We looked both from the outside in and from the inside out. We focused our attention on the center as well as on the margin. We understood both. […] Our survival depended on an ongoing public awareness of the separation between margin and center and an ongoing private acknowledgment that we were a necessary, vital part of that whole.bell hooks
Abolition is a theory of change, it’s a theory of social life. It’s about making things.Ruth Wilson Gilmore
Solitary is a word often used in conversations about art that reference nature and the North American landscape. Coinciding with philosophical, spiritual, and literary shifts that took place in the early nineteenth century, the landscape paintings of visual artists like the German-born Caspar David Friedrich epitomized and invigorated a growing liberal imaginary, asserting that humans were autonomous and self-contained individuals. Perhaps the freedom to bear witness of that which exists in remote isolation, much like how these artists viewed themselves, encapsulated the purest expression of this liberal, ideological strain: to see the unseen for one’s self.
Individualism and self-reliance were also key tenets of the transcendentalist movement championed by literary figures like Henry David Thoreau, Ralph Emerson, and Walt Whitman, naturalists, writers, and philosophers who criticized the corruption of humans by the social institutions and governments intended to serve them. Of course, these white men—which included many self-identified abolitionists—were writing discourses on the importance of nature and the inherent goodness of people at the same time that the enslaved population in the United States, the majority of which worked on plantations in rural areas, was growing at an exponential rate. The privilege of having deep gratitude for nature, to feel as though one is “part or particle of God,” to experience life solitarily and not in coffle, was rarely, if ever, afforded to Black people living in the United States during this time.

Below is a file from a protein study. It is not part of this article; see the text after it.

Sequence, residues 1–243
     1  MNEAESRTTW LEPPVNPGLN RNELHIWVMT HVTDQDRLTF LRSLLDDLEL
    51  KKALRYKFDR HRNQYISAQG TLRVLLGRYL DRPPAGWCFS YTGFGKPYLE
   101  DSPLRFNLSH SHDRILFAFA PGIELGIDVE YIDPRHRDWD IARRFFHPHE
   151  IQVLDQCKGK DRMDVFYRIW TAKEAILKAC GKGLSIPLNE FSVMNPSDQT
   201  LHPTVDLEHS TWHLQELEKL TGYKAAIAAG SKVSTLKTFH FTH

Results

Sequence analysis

Solitary is also a word that’s readily associated with the carceral state, prison population, spatial segregation, and torture. This association similarly originated in the nineteenth century, as solitary confinement was popularized as an alternative means of punishment in Quaker society. Countless research studies have concluded that solitary confinement has extreme psychiatric effects on inmates, especially for people already living with mental illness, which often goes undiagnosed for those deemed criminal. The lack of human contact and sensory deprivation can permanently affect the brain’s psychology. As just one example, a study conducted by the Journal of the American Medical Association looking at mortality outcomes for over 200,000 people released from prison between 2000-2015 in North Carolina, found that those who were placed in restrictive housing were 24% more likely to die in the first year after their release from prison. According to Vera Institute of Justice Program Associate Aaron Stagoff-Belfort, “The risk was particularly acute for certain causes of death; people exposed to solitary confinement were 54% more likely to die from homicide and 78% more likely to die by suicide. People who had been held in restrictive housing were 127% more likely to die of an opioid overdose in the first two weeks after their release.”
All things considered, Albert Woodfox, member of the infamous Angola 3, is a miracle. A strange statement but one that I hope provokes wonder. Maintaining his innocence until his death in August 2022, Woodfox, who was born and raised in New Orleans, and the late Herman Wallace were convicted of the murder of a corrections officer in 1972. Subsequently, Woodfox was ordered to serve a sentence that lasted for over forty-five years, forty-three of which were spent in solitary confinement in a high-security prison that occupies the same territory as a former plantation—”former” being the operative word here. He is the subject of a series of paintings by Oakland-based and Orange, Texas-born artist Foad Satterfield, an American painter whose landscape portraits—calling to mind the works of abstract expressionist phenom Norman Lewis—resist disciplinary and genre categorizations.
Earlier this year, I met with Satterfield on two occasions to discuss his Gulf Coast upbringing, artistic practice, and inaugural exhibition at the Malin Gallery in Aspen. The following interview has been edited for clarity and publication, and it is published in solidarity with Abolition Week 2023, organized by Scalawag.